lend (oneself) to (something)

(redirected from lend ourselves to)

lend (oneself) to (something)

To give one's talent, skills, or effort to assist in some task, project, endeavor, etc. The famous actor is lending herself to the charity drive, promising to match the total amount donated dollar for dollar. I've lent myself to a new TV show as a writing consultant.
See also: lend, to
Farlex Dictionary of Idioms. © 2015 Farlex, Inc, all rights reserved.

lend oneself or itself to something

Fig. [for someone or something] to be adaptable to something; [for someone or something] to be useful for something. This room doesn't lend itself to bright colors. John doesn't lend himself to casual conversation. I don't think that this gown lends itself to outdoor occasions.
See also: itself, lend, to

lend something to someone

to make a loan of something to someone. Never lend money to a friend. Would you be able to lend your coat to Fred?
See also: lend, to
McGraw-Hill Dictionary of American Idioms and Phrasal Verbs. © 2002 by The McGraw-Hill Companies, Inc.

lend (itself) to

To accommodate or offer itself to; be suitable for: "The presidency does not lend itself to on the job training" (Joe Biden).
See also: lend, to
American Heritage® Dictionary of the English Language, Fifth Edition. Copyright © 2016 by Houghton Mifflin Harcourt Publishing Company. Published by Houghton Mifflin Harcourt Publishing Company. All rights reserved.
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References in periodicals archive ?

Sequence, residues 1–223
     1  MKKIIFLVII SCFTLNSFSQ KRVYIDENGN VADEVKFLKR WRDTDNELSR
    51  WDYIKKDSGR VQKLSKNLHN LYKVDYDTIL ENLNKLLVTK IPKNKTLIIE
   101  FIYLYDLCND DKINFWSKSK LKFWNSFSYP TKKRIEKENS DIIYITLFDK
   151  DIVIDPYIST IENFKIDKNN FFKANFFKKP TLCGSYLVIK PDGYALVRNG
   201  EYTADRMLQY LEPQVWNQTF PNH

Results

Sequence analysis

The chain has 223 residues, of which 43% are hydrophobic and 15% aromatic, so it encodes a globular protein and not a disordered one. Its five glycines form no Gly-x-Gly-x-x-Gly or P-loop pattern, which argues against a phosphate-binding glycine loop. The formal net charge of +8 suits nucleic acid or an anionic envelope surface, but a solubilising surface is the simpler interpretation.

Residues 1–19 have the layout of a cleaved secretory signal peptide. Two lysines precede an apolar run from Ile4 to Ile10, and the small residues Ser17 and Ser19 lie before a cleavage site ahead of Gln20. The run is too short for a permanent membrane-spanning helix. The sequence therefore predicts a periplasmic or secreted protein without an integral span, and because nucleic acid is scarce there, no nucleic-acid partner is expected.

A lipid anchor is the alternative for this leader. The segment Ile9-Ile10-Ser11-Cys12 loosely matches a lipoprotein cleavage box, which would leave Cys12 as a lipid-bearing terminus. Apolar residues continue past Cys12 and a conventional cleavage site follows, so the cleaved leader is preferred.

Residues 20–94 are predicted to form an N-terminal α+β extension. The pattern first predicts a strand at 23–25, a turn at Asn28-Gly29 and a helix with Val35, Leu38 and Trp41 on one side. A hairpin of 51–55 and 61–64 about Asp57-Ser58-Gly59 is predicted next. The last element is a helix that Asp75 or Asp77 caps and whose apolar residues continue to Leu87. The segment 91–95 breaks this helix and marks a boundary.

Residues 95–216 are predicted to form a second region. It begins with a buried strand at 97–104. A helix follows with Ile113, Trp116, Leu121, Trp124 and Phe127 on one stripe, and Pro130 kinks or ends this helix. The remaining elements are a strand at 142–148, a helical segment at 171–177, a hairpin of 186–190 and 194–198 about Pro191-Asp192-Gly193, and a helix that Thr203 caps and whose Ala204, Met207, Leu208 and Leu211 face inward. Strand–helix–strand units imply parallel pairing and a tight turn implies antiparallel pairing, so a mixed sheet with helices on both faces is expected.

"I am here to protest from the bottom of my soul against such a cruel recommendation as has come from the MFGB [Miners' Federation of Great Britain] conference that we should lend ourselves to be policemen over and to dragoon our own men by fining them for not attending their work."
Sometimes we lend ourselves to false hope that we're playing well.
There is a mellowness of memory as well as a consciousness of a threatened future: "somewhere in that silent understanding / we lend ourselves to one another / knowing survival would be impossible / without it" ("Somewhere in the Eastern Sahara").
His May 1981 col umn provides a characteristic example: "What I like most about Schnabel's work is not the work so much but his sheer o'er-arching, knock-your eyes-out folly....Schnabel's protracted-adolescent self-dramatization seems vivifying, 'wow,' risk-filled in a way that allows for a shared exuberance we are perhaps only too happy to lend ourselves to, a certain self-deluding collusive participation."